Matera’s wonders: the Cathedral re-opens to the public
The Matera Cathedral – a splendid 13th-century Apulian Romanesque-style building, dedicated to the Madonna della Bruna and Saint Eustace – officially reopened for worship on last March 5th, 2016.
“I am pleased to be here with you, on the occasion of the solemn reopening that gives this beautiful Romanesque cathedral back to the devotion of the faithful and admiration of its visitors, having carried out a delicate restoration over thirteen years, after the collapses of 2003. The church has returned to its former glory, and has been further embellished with the discovery of two ancient frescoed crypts, dating back to the 12th century.”
With these words – in his homily for the inaugural Mass, during which he also opened the Lions’ Door for mercy during the Jubilee – the Vatican Secretary of State, Cardinal Pietro Parolin, summed up the story of this artistic and religious gem of Basilicata’s most famous city (and European Capital of Culture for 2019)
We have waited thirteen years to admire again the magnificent decorations and 17th-18th-century frescoes, the 13th-century Byzantine painting of the Madonna and Blessing Child, the chapel with 16th-century gemstone Nativity by sculptor Altobello Persio, the walnut choir built in 1453, and all the other magnificent works preserved in this ancient treasure trove of art, Romanesque outside and Baroque inside.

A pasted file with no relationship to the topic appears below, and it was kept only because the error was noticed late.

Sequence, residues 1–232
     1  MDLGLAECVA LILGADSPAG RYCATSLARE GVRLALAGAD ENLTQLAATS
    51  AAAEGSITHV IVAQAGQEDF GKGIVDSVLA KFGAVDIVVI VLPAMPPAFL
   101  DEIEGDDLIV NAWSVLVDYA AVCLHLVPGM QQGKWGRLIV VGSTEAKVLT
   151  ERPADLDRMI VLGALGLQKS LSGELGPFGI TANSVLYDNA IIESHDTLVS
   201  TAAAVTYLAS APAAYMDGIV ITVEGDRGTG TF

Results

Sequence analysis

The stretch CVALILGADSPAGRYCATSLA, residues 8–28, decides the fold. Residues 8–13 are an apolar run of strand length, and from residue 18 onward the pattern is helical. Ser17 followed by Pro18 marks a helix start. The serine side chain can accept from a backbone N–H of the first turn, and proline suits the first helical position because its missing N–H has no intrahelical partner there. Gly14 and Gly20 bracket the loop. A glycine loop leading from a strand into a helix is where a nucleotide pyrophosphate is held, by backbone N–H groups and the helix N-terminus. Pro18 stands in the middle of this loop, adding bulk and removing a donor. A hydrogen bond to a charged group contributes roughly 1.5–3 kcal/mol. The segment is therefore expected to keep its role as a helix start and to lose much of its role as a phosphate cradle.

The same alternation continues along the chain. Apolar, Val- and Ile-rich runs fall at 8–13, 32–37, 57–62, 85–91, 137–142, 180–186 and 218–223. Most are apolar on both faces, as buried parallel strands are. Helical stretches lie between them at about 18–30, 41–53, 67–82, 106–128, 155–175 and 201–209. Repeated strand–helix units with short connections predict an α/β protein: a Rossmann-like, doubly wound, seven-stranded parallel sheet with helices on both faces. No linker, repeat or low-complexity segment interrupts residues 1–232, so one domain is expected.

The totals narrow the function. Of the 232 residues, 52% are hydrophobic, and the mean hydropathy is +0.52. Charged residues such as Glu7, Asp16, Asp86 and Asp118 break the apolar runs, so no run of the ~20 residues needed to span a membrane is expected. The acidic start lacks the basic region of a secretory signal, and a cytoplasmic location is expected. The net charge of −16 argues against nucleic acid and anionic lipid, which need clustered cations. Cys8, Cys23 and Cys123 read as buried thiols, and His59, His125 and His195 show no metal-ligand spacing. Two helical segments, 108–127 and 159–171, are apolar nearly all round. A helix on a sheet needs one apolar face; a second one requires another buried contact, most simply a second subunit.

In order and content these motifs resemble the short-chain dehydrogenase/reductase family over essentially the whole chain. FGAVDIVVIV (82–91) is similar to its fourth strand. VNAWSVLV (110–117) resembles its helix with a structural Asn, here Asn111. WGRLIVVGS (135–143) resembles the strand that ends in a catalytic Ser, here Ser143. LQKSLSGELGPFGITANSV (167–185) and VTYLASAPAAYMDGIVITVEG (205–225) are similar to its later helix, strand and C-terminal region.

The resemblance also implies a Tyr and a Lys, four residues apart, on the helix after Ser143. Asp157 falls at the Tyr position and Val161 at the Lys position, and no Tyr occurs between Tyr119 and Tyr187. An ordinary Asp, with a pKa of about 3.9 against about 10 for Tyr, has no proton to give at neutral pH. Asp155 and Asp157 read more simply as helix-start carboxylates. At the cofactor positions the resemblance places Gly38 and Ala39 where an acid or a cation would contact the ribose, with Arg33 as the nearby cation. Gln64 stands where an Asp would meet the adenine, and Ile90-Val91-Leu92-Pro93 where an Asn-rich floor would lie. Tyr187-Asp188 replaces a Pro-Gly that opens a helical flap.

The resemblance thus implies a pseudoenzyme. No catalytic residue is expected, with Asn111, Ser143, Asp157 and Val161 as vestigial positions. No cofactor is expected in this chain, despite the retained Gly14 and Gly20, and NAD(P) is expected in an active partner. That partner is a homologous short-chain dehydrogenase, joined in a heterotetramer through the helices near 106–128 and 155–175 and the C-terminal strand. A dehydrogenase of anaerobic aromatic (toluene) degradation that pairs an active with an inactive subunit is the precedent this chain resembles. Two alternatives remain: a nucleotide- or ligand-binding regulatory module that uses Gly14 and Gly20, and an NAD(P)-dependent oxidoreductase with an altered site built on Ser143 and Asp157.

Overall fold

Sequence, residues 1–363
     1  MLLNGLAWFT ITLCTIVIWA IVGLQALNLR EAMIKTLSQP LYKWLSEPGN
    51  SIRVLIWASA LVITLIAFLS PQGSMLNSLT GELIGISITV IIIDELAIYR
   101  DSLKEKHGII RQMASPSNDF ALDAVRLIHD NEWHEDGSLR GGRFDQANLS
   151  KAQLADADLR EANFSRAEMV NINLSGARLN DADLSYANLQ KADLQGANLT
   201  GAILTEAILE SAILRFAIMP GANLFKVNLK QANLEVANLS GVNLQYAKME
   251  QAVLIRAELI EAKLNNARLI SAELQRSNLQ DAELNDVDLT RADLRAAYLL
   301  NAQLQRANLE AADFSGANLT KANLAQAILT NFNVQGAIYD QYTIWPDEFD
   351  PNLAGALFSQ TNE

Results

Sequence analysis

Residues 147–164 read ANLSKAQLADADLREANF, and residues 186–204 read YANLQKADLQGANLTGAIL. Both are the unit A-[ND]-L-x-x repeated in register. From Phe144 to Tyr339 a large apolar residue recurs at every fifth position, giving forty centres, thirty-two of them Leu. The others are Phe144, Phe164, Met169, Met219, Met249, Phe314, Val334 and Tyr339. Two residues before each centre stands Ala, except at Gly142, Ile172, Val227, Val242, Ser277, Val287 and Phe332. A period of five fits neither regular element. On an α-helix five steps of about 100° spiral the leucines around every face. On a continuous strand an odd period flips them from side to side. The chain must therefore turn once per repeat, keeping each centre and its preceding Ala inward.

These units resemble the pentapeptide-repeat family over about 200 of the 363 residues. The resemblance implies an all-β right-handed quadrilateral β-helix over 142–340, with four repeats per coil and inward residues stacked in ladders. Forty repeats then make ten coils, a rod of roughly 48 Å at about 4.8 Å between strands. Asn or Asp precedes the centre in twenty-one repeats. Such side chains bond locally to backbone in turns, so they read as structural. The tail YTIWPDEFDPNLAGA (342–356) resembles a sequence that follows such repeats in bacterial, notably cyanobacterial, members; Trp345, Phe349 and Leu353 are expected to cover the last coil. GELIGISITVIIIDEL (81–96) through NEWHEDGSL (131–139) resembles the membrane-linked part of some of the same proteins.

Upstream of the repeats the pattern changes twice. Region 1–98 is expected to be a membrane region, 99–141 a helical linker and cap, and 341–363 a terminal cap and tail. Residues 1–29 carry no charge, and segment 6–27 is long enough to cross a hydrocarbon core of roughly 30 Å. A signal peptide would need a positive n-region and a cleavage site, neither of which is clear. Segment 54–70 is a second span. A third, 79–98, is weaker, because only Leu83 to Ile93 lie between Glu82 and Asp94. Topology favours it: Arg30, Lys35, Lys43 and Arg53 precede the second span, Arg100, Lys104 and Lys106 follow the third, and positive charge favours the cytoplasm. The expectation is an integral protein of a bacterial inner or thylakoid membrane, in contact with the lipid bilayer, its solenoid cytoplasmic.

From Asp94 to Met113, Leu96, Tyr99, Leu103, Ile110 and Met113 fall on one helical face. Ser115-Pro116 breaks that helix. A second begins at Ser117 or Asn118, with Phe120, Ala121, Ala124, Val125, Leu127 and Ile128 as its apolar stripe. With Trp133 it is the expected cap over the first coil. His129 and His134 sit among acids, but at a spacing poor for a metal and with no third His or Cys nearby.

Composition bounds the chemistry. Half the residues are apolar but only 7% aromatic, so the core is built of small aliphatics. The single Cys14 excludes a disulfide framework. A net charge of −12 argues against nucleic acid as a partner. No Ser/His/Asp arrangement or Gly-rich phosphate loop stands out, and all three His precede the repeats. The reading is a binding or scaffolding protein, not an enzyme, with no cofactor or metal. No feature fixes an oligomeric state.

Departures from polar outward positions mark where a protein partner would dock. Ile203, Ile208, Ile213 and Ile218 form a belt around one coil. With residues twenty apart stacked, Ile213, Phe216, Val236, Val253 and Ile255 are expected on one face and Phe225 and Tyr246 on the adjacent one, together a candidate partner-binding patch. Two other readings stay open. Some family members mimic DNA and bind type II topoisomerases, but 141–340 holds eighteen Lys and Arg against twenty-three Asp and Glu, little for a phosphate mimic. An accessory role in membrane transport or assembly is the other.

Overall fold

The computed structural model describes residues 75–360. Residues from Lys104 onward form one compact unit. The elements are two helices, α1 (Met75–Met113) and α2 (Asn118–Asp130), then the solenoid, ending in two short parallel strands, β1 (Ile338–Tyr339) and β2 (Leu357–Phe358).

Parolin also mentioned the unexpected surprise that came up during the restoration: while replacing the floor of the Nativity chapel, two frescoed crypts from the 12th century surfaced after probably being covered by renovation works in the 1500s.
Now all of these hidden wonders have been brought back to light.
Opening hours: every day from 9am to 1pm and from 4pm to 7pm.